Amazing the difference re-watching the game on mute when your opinions aren’t influenced by commentary.

Questions for me are:
Why did Cheika wait so long to inject his bench?

Who was running the cutter when Toomua subbed on for Folau? Beale, Foley and Toomua didn’t appear to be clear with their responsibilities.

Why did the Wallabies not create contestable kicks and restarts when Folau was on the field?

The Wrap: Aretha, Sam, Winx and the Wallabies (spot the odd man out)

Did anyone else find it curious that all the kids that took the field with the All Blacks were brown skinned and all the kids with the Wallabies were white?

I’m assuming these are local kids from a club or school but it looked odd when the Wallabies are diverse in their ethnicity like the All Blacks.

Wallabies should be ashamed of last night's Bledisloe drubbing

@Harry

I agree re: your comments about the Wallabies use of the ball.

Against Ireland in the first test, they would often use Folau as a first receiver to hold the inside defenders, with Foley standing very wide to create more space and time to get outside their defence. It also forced the Irish loosies to cover more ground in defence. Didn’t see that at all last night.

Against Ireland they created more kicking contests to exploit Folau’s leaping ability either in general play or from restarts but again that didn’t emerge until after Folau left the field.

Beale’s acceleration and angled runs on to a pass or across field searching for space/mismatches works best when he has runners in motion to cause hesitation in defenders minds of who to mark, but the communication and timing wasn’t there.

They created a few opportunities from turnover ball and if converted, the complexion of the contest would have changed but their handling let them down.

Defensively the Wallabies have restricted the All Blacks to just scoring one try in two consecutive halves across two games. The second half in Brisbane last year and the first half last night.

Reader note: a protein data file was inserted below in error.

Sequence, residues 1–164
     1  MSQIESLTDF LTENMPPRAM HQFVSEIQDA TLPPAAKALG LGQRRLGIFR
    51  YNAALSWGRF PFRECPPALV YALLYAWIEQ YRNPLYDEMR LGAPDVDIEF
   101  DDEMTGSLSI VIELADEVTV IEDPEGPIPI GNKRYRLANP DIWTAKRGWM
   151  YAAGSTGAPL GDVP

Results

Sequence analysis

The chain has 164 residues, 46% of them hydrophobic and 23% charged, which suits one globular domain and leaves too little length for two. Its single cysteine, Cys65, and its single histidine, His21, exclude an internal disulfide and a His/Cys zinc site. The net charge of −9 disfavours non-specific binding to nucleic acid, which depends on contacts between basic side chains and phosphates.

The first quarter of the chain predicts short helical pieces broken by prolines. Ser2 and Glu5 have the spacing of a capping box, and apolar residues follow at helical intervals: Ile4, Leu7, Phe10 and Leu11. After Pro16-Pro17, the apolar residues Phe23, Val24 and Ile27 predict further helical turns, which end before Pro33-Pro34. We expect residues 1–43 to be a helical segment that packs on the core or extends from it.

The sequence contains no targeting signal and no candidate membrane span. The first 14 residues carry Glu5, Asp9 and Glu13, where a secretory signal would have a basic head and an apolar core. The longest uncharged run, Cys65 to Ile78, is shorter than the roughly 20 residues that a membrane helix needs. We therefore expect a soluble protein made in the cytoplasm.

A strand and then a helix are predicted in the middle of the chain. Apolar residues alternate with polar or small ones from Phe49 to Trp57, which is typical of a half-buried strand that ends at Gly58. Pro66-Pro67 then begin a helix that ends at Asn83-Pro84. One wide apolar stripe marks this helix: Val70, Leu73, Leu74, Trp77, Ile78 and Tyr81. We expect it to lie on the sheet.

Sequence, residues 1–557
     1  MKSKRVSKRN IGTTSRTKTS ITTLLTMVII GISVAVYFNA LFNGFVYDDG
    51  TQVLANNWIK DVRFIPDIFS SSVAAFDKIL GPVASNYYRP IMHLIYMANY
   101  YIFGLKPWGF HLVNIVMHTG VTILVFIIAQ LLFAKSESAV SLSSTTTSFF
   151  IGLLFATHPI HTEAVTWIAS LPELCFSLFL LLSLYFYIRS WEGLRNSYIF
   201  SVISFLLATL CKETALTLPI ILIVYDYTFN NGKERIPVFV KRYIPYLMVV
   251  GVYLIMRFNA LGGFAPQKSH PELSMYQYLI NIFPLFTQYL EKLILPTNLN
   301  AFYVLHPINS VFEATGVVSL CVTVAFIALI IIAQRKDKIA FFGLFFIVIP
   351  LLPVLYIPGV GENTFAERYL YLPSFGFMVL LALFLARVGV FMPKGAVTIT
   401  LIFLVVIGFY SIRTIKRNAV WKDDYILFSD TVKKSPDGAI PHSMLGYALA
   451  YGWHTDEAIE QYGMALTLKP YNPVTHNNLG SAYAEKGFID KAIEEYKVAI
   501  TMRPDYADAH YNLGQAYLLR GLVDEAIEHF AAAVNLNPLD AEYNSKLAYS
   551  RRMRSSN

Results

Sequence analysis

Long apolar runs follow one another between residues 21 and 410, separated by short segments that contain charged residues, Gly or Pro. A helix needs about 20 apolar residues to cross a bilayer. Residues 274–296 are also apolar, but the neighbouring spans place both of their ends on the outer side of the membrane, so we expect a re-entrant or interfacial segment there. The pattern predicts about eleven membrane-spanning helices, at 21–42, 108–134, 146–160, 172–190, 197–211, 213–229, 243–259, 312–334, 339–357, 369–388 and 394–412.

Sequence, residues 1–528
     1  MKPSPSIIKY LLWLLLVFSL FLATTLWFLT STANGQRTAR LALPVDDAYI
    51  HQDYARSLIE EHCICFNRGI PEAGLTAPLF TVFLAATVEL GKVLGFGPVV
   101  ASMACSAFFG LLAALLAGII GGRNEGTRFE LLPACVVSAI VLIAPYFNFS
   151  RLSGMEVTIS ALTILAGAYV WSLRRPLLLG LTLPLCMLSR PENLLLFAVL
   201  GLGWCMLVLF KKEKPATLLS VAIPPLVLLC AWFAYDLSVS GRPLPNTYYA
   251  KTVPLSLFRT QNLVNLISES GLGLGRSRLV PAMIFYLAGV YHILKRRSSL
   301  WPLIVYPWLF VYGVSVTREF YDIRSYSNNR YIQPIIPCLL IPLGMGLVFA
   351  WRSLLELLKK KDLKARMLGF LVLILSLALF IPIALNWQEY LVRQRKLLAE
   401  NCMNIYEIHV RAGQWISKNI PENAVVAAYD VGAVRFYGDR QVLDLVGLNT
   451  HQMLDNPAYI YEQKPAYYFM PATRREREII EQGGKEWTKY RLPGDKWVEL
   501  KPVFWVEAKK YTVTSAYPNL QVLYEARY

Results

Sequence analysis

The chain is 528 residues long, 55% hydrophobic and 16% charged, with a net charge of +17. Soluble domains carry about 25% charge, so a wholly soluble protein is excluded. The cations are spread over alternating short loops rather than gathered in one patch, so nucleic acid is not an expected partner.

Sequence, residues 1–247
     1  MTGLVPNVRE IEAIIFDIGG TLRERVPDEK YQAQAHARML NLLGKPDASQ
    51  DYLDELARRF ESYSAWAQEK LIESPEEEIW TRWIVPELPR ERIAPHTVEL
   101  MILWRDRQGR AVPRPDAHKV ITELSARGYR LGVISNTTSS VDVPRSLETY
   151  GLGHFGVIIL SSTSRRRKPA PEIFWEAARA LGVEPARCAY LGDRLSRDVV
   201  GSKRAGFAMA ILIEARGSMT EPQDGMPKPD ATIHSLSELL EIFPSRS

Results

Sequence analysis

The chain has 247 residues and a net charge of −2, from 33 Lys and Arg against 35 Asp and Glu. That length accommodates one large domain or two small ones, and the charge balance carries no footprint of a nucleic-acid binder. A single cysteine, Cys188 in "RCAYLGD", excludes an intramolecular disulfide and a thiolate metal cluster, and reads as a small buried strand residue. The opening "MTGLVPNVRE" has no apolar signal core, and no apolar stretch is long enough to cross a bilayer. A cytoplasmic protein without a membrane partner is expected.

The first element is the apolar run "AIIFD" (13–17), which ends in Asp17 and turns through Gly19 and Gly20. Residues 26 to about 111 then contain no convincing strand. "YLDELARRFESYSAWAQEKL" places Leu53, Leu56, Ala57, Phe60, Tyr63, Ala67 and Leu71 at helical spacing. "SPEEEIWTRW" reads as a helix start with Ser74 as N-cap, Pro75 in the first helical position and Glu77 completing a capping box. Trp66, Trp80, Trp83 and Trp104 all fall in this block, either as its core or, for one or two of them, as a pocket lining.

That is nothing to sneeze at. It fell away in the second half and while the players cop the flak, questions need to be asked of the coaches as to decisions around use of their bench when it was clear that players were tiring. It was not for lack of effort and commitment the Wallabies were beaten last night.

The unfortunate consequence of playing their first RC game against the All Blacks every year means the Wallabies can’t afford to be less than 100%. If they played the All Blacks as their third or even second game of the championship they’d be that much better prepared aerobically and physically.

Wallabies should be ashamed of last night's Bledisloe drubbing

What I like about the Wallabies?

Their starting XV is only one or two contentious selections shy of being their best since their RWC campaign.

Consolidation and combination has to be the selection theme for Cheika this year. Rotate a few on the fringe to build your depth in certain positions but allow this team time to gain experience and trust playing together.

Against Ireland they showed a greater fighting spirit and mental capacity to stay in the game. Continuous improvement in this space means there shouldn’t be as much of a gap between their very best and average performance, which has been so often the hallmark of the Wallabies.

In Brisbane last year their second half turnaround was remarkable, they improved their accuracy at the breakdown, defensive spacing in the backline and what hurt the All Blacks most, outmuscled them in the contact areas.

However that level of performance dropped dramatically in their next test confounding their fans.

They’re a team on the rise and timing well for Japan 2019. If tonight’s game was the 3rd match of the RC for them instead of the 1st they’d be much better prepared.

There won’t be a blowout like last two years and they’ll make their fans proud.

But the All Blacks will have enough to win a closer contest than some predict or expect.

Wallabies vs All Blacks Bledisloe Cup Game 1 preview and prediction

@Highlander

Haven’t seen the possession breakdown for the French series this year but from recollection we did better in the second halves for the first and third test and trailed despite the numerical advantage in the second.

Just which All Black team will we see this week?

Yep the All Blacks have been held to no points in a test match 8 times in their history.

Last time was when the value of a try was worth only 3 points.

Many great rugby teams since 1964 have beaten the All Blacks but none of them conceded zero points.

Tall order by Foley to first get the win and then hold them to nil.

New-look Wallabies hope to catch All Blacks on the hop

Great analysis Highlander

I had also noticed the drop in kicking during last years RC and end of year tours.

Eddie Jones had also called out how clever Hansen was coaching the team last year, deliberately learning how to play at a slower tempo and with less possession when everyone else was trying to play faster.